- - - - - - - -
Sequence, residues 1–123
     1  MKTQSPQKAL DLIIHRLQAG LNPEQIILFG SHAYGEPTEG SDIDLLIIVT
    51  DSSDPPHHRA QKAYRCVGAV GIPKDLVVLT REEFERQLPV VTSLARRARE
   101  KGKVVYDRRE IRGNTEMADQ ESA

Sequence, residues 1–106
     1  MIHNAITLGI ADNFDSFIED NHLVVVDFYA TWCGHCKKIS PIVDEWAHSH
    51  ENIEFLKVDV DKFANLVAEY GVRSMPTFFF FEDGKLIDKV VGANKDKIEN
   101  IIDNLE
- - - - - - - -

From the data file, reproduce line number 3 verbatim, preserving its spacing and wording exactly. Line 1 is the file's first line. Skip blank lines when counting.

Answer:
    51  DSSDPPHHRA QKAYRCVGAV GIPKDLVVLT REEFERQLPV VTSLARRARE